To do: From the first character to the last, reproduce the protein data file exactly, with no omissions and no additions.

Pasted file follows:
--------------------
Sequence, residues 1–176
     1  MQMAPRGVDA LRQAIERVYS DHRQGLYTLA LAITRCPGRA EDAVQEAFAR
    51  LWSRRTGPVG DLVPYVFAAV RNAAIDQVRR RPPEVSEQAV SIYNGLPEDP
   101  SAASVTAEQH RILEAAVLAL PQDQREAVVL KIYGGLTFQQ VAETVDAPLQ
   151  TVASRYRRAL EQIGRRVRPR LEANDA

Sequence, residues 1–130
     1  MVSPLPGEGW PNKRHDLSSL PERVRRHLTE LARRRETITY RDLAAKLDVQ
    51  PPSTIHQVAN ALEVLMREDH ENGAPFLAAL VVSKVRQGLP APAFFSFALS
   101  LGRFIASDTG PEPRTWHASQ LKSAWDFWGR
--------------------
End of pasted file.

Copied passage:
Sequence, residues 1–176
     1  MQMAPRGVDA LRQAIERVYS DHRQGLYTLA LAITRCPGRA EDAVQEAFAR
    51  LWSRRTGPVG DLVPYVFAAV RNAAIDQVRR RPPEVSEQAV SIYNGLPEDP
   101  SAASVTAEQH RILEAAVLAL PQDQREAVVL KIYGGLTFQQ VAETVDAPLQ
   151  TVASRYRRAL EQIGRRVRPR LEANDA

Sequence, residues 1–130
     1  MVSPLPGEGW PNKRHDLSSL PERVRRHLTE LARRRETITY RDLAAKLDVQ
    51  PPSTIHQVAN ALEVLMREDH ENGAPFLAAL VVSKVRQGLP APAFFSFALS
   101  LGRFIASDTG PEPRTWHASQ LKSAWDFWGR